Wrought Iron Screen
This wrought iron screen was brought to England from Nuremberg in the late 19th century by the Reverend William Herbert Seddon; he had purchased it from a local antique dealer, J. Christian Wohlbold, who also supplied a number of pieces to the Germanisches Nationalmuseum (Germanic National Museum) in Nuremberg. In 1890 Mr Seddon donated the screen to St Mary’s Church, Painswick, Gloucester, where it remained in use as the chancel screen until the 1940s, when repairs to the church necessitated its removal.
The six panels are filled by a series of intricate and interlaced geometrical patterns, combined with incised leafy fronds and foliage. The two central panels are surmounted by an elaborate crest of scrolling leafy tendrils and stylised winged cherubs flanked by foliated and spiral pinnacles. This elaborate cresting originally extended across the flanking side panels, as can be seen in a photograph taken of the screen in situ in 1910.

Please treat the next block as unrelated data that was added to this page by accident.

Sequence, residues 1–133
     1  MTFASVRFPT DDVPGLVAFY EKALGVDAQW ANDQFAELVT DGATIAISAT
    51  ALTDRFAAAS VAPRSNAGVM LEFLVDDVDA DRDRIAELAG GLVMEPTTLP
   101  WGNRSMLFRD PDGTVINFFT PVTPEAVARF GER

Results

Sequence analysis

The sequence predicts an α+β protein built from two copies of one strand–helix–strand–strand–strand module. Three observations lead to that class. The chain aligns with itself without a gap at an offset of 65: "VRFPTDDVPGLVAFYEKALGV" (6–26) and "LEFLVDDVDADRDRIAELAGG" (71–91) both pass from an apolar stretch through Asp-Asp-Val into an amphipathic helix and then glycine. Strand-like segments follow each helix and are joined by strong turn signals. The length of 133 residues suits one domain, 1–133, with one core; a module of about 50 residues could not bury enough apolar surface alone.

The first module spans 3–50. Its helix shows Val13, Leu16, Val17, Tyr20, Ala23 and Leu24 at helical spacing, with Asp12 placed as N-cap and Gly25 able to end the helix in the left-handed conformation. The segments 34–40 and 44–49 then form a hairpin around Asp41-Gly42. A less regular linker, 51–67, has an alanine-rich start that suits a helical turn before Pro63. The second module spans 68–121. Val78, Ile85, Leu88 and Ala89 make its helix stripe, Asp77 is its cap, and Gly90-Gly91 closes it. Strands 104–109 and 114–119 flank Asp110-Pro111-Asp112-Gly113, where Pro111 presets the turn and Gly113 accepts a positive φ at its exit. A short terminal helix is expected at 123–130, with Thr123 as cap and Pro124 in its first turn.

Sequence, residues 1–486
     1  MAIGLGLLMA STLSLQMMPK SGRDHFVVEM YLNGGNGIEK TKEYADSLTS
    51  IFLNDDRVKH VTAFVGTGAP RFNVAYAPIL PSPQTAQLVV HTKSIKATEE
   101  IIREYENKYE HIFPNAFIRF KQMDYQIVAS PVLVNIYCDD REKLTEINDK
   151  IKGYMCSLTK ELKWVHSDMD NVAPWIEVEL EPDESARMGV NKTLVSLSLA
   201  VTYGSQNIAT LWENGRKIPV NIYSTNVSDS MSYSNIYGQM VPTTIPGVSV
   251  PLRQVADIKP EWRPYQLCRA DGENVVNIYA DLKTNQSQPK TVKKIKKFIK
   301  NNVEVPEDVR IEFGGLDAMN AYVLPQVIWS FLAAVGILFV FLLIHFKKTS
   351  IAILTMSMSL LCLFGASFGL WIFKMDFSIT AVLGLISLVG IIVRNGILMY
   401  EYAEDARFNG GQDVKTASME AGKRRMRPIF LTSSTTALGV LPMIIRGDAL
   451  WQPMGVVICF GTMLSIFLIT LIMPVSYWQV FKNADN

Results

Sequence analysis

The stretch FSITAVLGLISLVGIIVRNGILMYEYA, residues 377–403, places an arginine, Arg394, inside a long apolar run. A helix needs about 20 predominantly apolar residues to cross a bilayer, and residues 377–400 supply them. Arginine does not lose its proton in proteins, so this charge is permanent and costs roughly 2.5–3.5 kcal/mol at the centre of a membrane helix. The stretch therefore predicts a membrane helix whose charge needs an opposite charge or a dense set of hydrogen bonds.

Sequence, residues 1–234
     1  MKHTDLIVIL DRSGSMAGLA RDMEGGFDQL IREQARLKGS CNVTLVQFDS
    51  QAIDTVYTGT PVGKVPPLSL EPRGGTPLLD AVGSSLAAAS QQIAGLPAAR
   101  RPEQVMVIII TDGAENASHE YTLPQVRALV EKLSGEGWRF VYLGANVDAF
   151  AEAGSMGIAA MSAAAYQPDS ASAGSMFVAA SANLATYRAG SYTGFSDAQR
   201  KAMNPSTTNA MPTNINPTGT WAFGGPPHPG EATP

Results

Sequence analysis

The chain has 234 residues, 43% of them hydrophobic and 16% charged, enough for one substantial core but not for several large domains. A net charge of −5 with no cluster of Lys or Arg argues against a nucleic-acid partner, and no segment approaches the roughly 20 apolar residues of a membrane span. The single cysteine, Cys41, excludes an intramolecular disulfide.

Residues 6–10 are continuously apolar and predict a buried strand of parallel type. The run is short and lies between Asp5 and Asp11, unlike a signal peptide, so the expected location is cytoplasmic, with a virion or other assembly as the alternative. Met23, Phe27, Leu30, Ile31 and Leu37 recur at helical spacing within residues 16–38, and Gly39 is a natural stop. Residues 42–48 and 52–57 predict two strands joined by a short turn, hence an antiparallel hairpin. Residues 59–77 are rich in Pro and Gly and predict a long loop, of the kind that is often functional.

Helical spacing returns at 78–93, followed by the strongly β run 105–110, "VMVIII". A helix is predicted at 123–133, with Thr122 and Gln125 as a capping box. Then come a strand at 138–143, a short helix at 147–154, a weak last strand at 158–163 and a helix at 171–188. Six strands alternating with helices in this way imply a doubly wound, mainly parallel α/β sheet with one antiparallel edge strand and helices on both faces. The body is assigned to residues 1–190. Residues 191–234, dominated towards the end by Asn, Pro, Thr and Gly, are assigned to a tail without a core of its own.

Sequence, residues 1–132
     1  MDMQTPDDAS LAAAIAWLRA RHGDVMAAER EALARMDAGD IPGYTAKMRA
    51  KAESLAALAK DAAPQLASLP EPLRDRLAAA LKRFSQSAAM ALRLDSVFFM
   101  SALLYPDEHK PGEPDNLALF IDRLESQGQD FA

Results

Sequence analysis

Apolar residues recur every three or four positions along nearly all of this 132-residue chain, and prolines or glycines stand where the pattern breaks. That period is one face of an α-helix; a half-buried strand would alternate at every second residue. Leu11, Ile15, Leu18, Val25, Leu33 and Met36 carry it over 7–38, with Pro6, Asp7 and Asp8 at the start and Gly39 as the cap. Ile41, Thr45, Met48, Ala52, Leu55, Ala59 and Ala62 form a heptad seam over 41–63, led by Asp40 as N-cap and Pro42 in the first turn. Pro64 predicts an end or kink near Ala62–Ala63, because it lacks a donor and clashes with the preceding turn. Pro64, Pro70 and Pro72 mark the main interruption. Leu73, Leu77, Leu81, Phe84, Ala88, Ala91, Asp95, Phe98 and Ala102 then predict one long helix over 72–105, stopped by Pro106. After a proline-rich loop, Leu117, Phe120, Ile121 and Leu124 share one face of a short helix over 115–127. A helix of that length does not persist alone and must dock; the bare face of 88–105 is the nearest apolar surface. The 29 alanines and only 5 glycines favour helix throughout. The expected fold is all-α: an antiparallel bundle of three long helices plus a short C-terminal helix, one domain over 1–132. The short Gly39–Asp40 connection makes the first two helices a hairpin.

Similar examples of this kind of decorative wrought ironwork can be found in the Germanisches Nationalmuseum, but the closest parallel is a pair of wrought iron gates dated 1649 in front of one of the portals on the south side of St Lorenz Church, Nuremberg.
A rare survival outside Nuremberg, this magnificent screen demonstrates, despite losses and minor restorations, the skill of the blacksmith at the highest level.
- Francis A Hyett, Glimpses of the History of Painswick, 1928; pp 40-41
- Adalbert Roeper & Hans Boseh, Geschmiedete Gitter XVI-XVIII Jahrhunderts aus Süddentschland, 1895 p. 17